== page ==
We look at the reasons behind the fashion for high-profile international divorce cases to be disputed in courts in England and Wales, and discover how this could change the way you divorce too
There have been a number of instances reported in the news of wealthy international couples choosing to divorce in England and Wales instead of in their home countries. This happened in the case of the divorcing Dubai ruler, Sheikh Mohammed bin Rashid Al Maktoum, believed to be one of the largest settlements in the history of UK divorces.
England and Wales have become the preferred destinations for international divorces due to the numerous advantages it offers compared to other countries. The legal systems in England and Wales grant judges greater discretion, and their starting point of ensuring equality is not always mirrored in other jurisdictions.
If you and your spouse did not marry in England or Wales, or if neither of you currently resides there, you may be wondering whether you can pursue a divorce here.
It is important to note that some people may have the option of divorcing in more than one country. If so, then taking early legal advice can help you determine which will be the best option for your circumstances.
What are the legal requirements for divorcing in England and Wales?
Several conditions must be satisfied for you to be eligible for a divorce in England or Wales, specifically:
- You must have been married for a minimum of one year; attempting to divorce before completing a year of marriage will result in the courts rejecting your application.
- Your marriage has broken down irretrievably. It may be advisable to explore couples counselling before reaching this conclusion. In most cases, attempting mediation is a prerequisite before being granted a divorce. However, there are exceptions to this requirement, and our legal team can provide guidance in such situations.
- Your marriage must be legally recognised in England or Wales, regardless of where it originally occurred. Ensuring such recognition can be intricate, and if you have any doubts, it is essential to seek expert legal counsel, as unrecognized marriages in England or Wales can have significant implications. In general, for a marriage to be acknowledged, it should have been lawful in the country where it took place, both spouses must have possessed the capacity to enter into the marriage, and any previous marriages should have been formally dissolved before the current one. This stipulation can affect certain religious ceremonies, particularly within the UK. For instance, if you’re a Muslim and undergo a marriage ceremony under Sharia Law in the UK, it will not be legally recognized in England or Wales. Furthermore, if your marriage certificate is not in English, a certified translation will be necessary for court proceedings.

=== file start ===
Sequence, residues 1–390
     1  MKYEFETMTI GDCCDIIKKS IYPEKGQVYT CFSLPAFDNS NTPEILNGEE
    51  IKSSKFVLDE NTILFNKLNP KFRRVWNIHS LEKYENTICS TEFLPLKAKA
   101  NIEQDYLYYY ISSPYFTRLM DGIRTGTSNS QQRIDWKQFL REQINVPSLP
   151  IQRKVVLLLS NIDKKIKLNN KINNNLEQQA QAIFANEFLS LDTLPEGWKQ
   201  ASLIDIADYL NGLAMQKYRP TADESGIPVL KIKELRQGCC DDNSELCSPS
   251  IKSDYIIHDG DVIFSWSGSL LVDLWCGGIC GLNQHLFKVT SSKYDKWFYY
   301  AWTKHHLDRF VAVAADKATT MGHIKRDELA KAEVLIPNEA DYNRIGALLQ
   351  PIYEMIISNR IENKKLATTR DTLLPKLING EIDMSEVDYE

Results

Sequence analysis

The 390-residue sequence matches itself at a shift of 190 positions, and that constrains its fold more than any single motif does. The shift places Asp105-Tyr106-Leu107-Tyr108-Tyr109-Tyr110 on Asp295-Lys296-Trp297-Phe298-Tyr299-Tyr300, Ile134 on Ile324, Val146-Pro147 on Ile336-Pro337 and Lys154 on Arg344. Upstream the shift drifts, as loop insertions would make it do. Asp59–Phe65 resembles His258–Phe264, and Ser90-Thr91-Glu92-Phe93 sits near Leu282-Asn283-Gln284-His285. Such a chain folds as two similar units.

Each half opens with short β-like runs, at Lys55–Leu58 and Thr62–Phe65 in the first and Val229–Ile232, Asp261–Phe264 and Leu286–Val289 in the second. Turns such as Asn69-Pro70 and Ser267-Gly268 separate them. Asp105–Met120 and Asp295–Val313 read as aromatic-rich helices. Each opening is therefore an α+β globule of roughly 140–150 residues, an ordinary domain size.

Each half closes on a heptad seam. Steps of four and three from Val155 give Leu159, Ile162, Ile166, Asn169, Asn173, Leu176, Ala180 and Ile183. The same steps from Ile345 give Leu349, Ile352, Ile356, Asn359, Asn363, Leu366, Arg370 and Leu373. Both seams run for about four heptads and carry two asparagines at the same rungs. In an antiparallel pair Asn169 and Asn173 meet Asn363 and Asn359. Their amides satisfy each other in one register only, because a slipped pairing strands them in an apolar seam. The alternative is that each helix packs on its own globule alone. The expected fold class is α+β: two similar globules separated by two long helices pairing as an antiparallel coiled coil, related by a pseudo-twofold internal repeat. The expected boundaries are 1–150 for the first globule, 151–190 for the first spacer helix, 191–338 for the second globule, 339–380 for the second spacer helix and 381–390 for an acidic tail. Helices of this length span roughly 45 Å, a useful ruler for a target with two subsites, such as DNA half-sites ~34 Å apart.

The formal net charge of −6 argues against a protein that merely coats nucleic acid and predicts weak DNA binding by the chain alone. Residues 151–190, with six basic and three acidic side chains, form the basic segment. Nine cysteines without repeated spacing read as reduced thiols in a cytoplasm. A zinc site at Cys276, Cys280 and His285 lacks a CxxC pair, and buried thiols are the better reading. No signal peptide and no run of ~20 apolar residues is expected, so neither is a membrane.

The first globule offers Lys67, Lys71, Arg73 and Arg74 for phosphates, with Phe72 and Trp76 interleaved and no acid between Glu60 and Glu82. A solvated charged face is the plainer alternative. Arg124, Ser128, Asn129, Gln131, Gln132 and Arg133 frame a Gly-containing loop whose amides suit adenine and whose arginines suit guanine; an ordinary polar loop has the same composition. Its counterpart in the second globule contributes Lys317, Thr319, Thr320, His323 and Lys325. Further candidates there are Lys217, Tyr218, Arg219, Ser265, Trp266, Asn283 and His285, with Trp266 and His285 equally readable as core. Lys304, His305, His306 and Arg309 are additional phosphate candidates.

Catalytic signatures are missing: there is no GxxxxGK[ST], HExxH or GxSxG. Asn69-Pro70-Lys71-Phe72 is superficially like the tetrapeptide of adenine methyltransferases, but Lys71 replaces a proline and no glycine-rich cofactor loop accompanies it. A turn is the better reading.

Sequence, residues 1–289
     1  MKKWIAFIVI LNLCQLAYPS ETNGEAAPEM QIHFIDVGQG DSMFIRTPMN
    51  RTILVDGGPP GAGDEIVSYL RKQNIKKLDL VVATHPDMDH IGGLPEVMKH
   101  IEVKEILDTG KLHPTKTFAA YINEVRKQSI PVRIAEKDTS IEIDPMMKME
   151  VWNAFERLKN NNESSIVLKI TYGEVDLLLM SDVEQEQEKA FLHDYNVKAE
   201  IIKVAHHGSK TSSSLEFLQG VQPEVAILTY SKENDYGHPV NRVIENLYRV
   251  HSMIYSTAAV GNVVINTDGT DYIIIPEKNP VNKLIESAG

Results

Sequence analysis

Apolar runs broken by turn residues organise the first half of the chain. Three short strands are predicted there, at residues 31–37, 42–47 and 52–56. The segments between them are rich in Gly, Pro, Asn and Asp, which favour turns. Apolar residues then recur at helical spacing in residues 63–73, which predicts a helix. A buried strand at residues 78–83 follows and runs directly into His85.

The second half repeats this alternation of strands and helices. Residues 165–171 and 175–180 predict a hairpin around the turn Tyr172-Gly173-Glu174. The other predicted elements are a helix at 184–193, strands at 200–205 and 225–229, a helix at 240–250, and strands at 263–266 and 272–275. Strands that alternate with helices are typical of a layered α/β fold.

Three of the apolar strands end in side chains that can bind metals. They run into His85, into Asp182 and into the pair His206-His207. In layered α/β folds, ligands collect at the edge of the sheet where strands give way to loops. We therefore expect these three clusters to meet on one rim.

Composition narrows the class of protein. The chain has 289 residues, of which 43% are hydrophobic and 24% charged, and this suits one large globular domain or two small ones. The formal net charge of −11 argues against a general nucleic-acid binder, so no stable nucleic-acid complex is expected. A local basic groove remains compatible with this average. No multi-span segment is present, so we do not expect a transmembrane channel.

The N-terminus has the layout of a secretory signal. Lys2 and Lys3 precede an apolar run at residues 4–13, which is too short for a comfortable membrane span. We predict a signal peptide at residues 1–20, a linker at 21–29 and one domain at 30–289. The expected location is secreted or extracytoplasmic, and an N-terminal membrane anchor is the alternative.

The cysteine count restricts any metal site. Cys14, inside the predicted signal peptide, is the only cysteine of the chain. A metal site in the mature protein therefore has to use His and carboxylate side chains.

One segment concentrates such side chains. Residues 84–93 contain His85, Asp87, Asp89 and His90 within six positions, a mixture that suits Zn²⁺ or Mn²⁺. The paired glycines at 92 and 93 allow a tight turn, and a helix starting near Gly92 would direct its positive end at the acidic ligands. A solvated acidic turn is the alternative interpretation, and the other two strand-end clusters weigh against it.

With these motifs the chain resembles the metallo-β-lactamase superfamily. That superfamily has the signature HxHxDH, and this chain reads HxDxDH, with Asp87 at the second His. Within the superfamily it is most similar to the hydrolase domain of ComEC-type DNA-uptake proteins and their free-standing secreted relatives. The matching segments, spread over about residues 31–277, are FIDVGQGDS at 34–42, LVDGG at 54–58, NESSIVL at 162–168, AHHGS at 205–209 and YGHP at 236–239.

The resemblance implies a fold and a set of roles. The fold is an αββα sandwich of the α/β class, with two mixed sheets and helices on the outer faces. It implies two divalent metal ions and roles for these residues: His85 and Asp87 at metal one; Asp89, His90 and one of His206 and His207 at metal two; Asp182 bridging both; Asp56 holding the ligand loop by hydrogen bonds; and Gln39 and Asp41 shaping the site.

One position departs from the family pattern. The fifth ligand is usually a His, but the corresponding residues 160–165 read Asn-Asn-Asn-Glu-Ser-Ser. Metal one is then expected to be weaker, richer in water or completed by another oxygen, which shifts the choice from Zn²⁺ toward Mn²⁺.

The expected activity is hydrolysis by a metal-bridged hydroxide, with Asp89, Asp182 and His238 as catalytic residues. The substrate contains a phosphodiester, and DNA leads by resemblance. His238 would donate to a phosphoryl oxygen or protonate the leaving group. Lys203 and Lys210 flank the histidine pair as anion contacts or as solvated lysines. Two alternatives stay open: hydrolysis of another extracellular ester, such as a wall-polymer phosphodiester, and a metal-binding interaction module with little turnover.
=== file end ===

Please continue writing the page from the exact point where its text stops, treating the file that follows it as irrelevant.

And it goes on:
- Jurisdiction is determined, and this can be demonstrated through five distinct methods, which are:
- both spouses have their habitual residence in England or Wales;
- your spouse has habitual residence in England or Wales.
- both spouses are domiciled in England or Wales;
- you are habitually resident in England or Wales, having resided here for a minimum of one year; or
- you are domiciled and habitually resident in England or Wales, having lived here for at least six months.
How does it change things if I have lived abroad?
If you have lived or currently live abroad, you must establish jurisdiction in England or Wales to pursue a divorce in this jurisdiction. If your spouse resides in England or in Wales, you fulfill the jurisdiction requirements. However, if neither you nor your spouse lives in this country, you must demonstrate that both of you live there.
The term ‘domicile’ lacks a legal statutory definition but typically refers to the country where you have your strongest connections, including your permanent residence, legal matters, and tax affairs. If you are uncertain about your domicile status, it is crucial that you seek legal advice for clarification.
What if my spouse wants to apply for a divorce abroad?
Couples who lead an ‘international lifestyle’ may be able to initiate their divorce proceedings in more than one country. However, if your spouse takes the first step and files for divorce abroad before you do in England or in Wales, you may lose your opportunity to file here.
This delay could result in significant costs for you. So it’s vital that you get on with your divorce process. If you have a choice of jurisdictions where you can initiate your divorce, seeking early guidance from a seasoned family lawyer is of utmost importance.
How Cunningtons Family Law can help
Our family law specialists can provide you with guidance on the available options and the types of court orders available to you. We can assess the various avenues open to you, taking into account not only the financial implications but also the potential court orders related to where your children will live, as well as the enforcement of orders in other countries.
If you are contemplating divorce, or just want some preliminary advice on your
options and if you are entitled to issue proceedings in England or Wales, please
contact Annique Sampson in the family law team on 01376 326 868 or email
This article is for general information only and does not constitute legal or professional advice. Please note that the law may have changed since this article was published.